Most Influential Books

I was tagged by Daniel and Tonya over at the Hebrew and Greek Reader to complete a book meme.  The originator of this meme is Ken Brown.  The idea is that you have to either share your top five most influential books or the top five scholars that had the most immediate and lasting influence on how you read the Bible.  Here is my list:

Perdue, Leo G. Wisdom and Cult: A Critical Analysis of the Views of Cult in Wisdom Literatures of Israel and Near East. Society of Biblical Literature Dissertation Series. Missoula, MT.: Scholars Press, 1977.  This book brilliantly challenges the notion that wisdom was a secular enterprise and only later within its redactional history was it then baptized into cultic waters.  Perdue, in my opinion, shatters this presupposition; showing that the sage, in his quest to gain a mastery over order, would not and could not avoid the cultic sphere.  This book has greatly shaped my understanding of the wisdom tradition in profound ways, and I reference it often.

Dunn, James D. G. The Epistle to the Galatians. Black’s New Testament Commentaries. Peabody, MA.: Hendrickson Publishers, 1993.  This commentary opened up my understanding to the Pauline Corpus, by introducing me to the N.P.P.  Also, this book is indirectly responsible for my desire to obtain a MA in Old Testament studies.  I can honestly say that this book was also responsible for the single greatest paradigm shift in my own theology.

Fox, Michael V. Proverbs 1-9. Anchor Bible Commentary. New York, NY: Doubleday, 2000.  This is probably one of the best commentaries that I own (and I own a decent number of commentaries).  Fox is a master interpreter and his work has greatly influenced my understanding of this book (which is also my favorite biblical book).  Fox’s book is the first title I pick up when I am beginning to study a particular passage in Proverbs 1-9 (outside of my BHS).  I also debated putting any of Claudia Camp’s books in this space.  She is one of my favorite O.T. scholars, but I decided to pick a title that covered the book of Proverbs more systematically, hence Fox’s title won out.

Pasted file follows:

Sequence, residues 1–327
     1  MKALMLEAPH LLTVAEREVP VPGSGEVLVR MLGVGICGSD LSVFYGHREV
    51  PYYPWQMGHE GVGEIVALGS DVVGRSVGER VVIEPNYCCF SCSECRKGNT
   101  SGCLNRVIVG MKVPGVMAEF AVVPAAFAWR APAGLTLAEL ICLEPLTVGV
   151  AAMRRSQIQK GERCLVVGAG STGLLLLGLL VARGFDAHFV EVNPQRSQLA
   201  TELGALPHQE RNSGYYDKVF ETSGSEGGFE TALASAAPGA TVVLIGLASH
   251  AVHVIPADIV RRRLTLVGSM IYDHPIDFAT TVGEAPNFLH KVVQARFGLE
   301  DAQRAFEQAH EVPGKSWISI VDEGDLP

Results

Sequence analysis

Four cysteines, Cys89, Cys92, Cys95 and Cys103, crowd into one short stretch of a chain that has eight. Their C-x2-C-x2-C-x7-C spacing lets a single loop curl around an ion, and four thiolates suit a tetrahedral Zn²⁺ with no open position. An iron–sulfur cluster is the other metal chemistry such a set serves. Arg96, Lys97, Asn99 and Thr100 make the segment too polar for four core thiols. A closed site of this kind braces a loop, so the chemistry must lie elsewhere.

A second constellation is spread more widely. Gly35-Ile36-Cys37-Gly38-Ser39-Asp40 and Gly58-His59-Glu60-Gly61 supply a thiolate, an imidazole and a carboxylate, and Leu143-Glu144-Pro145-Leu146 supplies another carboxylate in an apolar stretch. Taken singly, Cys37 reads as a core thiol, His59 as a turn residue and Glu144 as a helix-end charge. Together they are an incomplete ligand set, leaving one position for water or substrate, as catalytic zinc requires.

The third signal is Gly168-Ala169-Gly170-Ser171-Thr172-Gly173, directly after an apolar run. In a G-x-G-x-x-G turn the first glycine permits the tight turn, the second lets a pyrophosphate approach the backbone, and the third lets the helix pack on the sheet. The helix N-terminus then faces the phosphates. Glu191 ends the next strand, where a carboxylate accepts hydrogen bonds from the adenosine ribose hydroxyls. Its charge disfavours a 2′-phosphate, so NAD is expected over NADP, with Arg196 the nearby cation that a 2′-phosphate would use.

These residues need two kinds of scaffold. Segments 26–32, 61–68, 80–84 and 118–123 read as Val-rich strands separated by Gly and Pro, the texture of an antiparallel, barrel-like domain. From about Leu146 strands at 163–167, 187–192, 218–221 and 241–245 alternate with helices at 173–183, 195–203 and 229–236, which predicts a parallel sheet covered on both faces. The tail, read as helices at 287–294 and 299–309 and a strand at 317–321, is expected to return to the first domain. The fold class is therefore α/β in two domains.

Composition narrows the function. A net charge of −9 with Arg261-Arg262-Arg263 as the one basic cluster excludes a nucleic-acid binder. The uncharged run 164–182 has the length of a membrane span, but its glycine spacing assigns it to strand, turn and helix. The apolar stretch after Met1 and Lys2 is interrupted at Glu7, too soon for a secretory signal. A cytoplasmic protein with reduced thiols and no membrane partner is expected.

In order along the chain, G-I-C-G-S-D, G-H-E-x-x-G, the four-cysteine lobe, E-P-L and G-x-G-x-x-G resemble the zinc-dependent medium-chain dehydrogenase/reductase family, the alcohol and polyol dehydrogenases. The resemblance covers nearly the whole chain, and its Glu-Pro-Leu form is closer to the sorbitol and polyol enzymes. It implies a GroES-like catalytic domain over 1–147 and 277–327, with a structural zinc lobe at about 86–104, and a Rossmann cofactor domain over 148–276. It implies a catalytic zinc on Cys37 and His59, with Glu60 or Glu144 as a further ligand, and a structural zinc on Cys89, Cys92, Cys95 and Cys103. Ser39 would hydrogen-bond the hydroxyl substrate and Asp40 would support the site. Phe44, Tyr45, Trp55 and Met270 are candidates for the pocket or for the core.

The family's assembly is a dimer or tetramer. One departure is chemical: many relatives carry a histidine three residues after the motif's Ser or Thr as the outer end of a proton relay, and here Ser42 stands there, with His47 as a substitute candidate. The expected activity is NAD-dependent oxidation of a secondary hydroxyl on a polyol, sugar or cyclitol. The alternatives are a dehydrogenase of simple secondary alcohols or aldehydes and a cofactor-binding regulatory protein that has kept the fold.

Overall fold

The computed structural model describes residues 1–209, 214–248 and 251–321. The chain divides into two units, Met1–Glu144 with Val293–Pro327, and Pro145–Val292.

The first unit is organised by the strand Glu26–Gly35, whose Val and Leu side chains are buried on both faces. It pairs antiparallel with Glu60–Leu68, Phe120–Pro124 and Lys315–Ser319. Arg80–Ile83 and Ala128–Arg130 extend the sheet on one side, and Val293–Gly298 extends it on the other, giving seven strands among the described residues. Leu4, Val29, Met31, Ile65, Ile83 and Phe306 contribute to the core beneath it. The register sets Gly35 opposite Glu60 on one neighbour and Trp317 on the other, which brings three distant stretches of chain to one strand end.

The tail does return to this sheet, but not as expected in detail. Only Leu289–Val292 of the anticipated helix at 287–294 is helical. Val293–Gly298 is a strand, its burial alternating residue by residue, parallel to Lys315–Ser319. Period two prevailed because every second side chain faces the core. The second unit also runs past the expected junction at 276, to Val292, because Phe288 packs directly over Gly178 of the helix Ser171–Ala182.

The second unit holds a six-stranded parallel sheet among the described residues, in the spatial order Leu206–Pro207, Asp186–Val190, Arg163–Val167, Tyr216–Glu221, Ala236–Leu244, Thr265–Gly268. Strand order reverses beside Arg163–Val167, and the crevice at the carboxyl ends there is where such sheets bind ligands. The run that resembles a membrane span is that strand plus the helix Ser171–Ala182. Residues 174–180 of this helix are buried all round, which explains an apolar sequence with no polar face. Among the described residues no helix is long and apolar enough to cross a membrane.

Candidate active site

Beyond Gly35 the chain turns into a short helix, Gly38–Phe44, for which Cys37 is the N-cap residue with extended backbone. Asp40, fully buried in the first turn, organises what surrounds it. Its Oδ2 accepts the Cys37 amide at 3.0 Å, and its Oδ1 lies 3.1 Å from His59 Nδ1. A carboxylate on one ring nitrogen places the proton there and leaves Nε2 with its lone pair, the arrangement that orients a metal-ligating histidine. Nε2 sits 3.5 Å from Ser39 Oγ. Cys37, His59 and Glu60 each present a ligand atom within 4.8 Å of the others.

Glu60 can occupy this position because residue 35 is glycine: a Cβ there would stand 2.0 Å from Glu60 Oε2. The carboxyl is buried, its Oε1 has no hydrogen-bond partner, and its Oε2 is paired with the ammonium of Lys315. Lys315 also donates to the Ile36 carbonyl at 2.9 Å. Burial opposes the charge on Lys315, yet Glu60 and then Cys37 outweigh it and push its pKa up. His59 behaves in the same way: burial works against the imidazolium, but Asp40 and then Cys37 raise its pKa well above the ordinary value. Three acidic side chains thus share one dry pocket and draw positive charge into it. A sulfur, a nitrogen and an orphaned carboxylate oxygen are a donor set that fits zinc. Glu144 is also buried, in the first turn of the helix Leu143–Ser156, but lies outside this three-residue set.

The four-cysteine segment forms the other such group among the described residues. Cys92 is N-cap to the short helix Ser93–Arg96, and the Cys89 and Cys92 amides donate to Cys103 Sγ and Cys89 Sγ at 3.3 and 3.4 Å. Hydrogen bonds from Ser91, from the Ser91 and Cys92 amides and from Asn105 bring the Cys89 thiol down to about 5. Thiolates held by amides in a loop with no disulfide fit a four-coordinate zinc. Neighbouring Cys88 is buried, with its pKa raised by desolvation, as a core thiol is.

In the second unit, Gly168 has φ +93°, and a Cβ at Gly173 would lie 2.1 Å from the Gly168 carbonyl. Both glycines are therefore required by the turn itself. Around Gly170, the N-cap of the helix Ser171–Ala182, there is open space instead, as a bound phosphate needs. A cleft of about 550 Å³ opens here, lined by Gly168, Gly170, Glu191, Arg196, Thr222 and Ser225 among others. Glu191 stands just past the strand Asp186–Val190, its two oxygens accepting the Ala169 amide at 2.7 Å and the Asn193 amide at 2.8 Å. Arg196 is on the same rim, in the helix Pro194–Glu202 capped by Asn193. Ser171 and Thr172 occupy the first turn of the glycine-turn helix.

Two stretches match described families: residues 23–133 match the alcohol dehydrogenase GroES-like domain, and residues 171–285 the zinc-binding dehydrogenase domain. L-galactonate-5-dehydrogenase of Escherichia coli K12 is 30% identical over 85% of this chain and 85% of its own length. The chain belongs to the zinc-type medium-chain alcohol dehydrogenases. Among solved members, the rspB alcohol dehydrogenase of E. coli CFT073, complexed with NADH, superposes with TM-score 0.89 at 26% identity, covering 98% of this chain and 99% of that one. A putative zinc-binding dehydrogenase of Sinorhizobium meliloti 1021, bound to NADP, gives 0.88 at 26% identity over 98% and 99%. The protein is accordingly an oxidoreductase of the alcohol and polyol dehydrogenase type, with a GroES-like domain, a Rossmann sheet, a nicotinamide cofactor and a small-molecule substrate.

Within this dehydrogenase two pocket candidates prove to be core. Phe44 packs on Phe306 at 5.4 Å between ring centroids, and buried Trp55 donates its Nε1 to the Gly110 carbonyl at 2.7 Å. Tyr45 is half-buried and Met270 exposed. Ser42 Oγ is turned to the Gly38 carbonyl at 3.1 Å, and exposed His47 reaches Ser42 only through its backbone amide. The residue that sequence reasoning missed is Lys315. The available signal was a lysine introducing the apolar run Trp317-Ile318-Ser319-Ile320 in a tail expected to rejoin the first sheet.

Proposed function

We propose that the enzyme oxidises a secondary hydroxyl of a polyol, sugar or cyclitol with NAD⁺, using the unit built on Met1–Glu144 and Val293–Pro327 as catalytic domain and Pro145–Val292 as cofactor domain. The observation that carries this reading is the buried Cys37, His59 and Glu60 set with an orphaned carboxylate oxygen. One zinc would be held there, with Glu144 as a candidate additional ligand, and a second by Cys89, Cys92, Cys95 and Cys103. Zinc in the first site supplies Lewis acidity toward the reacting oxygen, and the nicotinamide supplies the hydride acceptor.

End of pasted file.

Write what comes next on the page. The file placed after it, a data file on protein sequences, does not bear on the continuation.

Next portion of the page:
Postman, Neil. Technopoly: The Surrender of Culture to Technology. New York, NY.: Alfred A. Knopf, 1992.  This book is not a book about biblical studies, but it has shaped my reading of the bible none the less.  Postman employs an ecological model to the advent of new technologies.  These technologies impact and ultimately alter one’s cultural environment in powerful ways.  This model has helped me to better understand a slew of technological changes that occur over time within the biblical history, while causing me to think about the ramifications of these changes.

Dickens, Charles.  Great Expectations.  The last title isn’t theological, but it is one of the best works of fiction.  I read this book once a semester, and with each reading I catch something that I missed.  This book has helped clarify for me the human experience, and in many ways has helped me to better understand the possibility of character formation through the pedagogy of love.  Someday, I will have to make a post about this subject.

UPDATE:

Oddly enough, I did not read the original post issuing this meme until I was finished writing my own.  Apparently Ken Brown and I have been shaped by some similar authors (Dickens) and concepts (N.P.P)…very interesting.

Tag your it (Calvin and Mandy Park, Jim Getz, Phillip Marshall, Richard), unless you have all ready been tagged.

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